“At this age,” says Cohen, “kids are very involved with their peers. They want to be part of the group, and get invited to things. The social aspect is so significant. Kids who aren’t getting invited are trying so hard to figure out why. ‘Where do I fit in,’ they’re wondering. They are not feeling so secure. So they want to have a party that everyone wants to come to, everyone’s talking about it. They want to have what he or she had, wear what others are wearing.”
And it’s not always only the kids who are trying to fit in, or to stand out. Anyone who has seen, “Keeping Up With the Steins,” — a 2006 comedy about a family trying to outdo their neighbors by throwing the most elaborate and expensive bar mitzvah party in the neighborhood — knows that even parents can succumb to insecurities and competitive impulses. It’s only natural. “In our society, bigger is better,” says Cohen.
Not only do some parents and children feel pressure from the people they know, but they are also influenced by the materialistic, frequently ostentatious society in which all of us live. It’s a culture that has brought us b’nai mitzvah celebrations costing many thousands of dollars, featuring bands bused in from New York City or Washington, D.C., extravagant giveaways, sushi bars and scantily-clad dancers, who become role models for the girls and eye candy for the boys.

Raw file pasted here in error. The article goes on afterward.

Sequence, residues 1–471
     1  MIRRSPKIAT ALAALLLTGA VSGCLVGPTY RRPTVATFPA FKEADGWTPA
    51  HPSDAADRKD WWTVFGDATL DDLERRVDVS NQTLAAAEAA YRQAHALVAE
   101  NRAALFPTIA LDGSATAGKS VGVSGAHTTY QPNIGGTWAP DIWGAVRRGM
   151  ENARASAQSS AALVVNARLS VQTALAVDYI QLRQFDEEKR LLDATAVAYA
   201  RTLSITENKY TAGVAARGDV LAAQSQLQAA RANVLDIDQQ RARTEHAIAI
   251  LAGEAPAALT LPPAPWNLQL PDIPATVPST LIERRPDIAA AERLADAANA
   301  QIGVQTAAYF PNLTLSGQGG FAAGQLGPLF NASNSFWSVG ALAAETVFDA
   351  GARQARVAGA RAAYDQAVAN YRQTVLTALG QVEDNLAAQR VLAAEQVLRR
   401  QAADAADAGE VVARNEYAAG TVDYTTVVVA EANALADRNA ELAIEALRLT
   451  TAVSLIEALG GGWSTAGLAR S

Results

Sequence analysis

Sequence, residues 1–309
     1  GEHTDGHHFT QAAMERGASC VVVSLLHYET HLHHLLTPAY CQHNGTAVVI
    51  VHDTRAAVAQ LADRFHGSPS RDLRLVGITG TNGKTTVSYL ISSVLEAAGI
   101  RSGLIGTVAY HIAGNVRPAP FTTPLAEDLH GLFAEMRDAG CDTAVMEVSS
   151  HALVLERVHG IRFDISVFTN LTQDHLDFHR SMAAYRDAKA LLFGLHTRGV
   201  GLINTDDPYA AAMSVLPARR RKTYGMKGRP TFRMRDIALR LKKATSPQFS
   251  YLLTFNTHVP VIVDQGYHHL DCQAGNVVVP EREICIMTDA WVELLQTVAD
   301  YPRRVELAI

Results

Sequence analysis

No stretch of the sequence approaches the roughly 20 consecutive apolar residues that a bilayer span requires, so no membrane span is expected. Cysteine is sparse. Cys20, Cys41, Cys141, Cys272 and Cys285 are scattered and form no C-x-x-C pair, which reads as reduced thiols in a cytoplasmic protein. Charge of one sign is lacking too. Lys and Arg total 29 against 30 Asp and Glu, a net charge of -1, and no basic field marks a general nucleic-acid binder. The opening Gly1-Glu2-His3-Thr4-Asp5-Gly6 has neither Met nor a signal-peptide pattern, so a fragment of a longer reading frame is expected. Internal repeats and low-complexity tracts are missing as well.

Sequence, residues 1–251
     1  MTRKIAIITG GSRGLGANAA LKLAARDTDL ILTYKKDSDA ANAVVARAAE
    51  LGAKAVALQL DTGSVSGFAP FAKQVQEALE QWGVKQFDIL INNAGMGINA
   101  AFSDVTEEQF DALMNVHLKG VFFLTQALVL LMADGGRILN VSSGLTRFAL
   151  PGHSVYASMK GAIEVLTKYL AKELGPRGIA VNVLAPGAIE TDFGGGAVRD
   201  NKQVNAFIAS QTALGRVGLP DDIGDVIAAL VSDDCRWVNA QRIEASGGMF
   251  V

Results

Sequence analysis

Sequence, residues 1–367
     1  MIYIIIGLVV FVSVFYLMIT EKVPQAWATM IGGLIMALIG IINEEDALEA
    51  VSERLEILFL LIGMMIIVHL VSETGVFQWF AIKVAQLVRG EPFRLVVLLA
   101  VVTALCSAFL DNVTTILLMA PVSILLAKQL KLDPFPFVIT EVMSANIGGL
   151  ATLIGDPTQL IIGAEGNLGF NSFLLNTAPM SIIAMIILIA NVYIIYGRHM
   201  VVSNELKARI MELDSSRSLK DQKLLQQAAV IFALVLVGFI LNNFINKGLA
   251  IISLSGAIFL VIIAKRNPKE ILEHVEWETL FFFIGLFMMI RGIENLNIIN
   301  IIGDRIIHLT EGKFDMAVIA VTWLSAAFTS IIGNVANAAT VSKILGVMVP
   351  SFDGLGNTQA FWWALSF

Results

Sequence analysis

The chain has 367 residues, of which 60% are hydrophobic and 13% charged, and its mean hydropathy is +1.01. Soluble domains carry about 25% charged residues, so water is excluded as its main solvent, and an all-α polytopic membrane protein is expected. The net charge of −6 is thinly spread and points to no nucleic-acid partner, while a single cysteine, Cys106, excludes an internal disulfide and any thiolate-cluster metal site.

“It’s a sign of the times,” says Cohen. But not all is lost. If parents are thoughtful, creative and prepared for the issues that are likely to arise in planning their celebrations, Cohen believes they can take steps to ensure that the true meaning of b’nai mitzvah is not lost in the shuffle.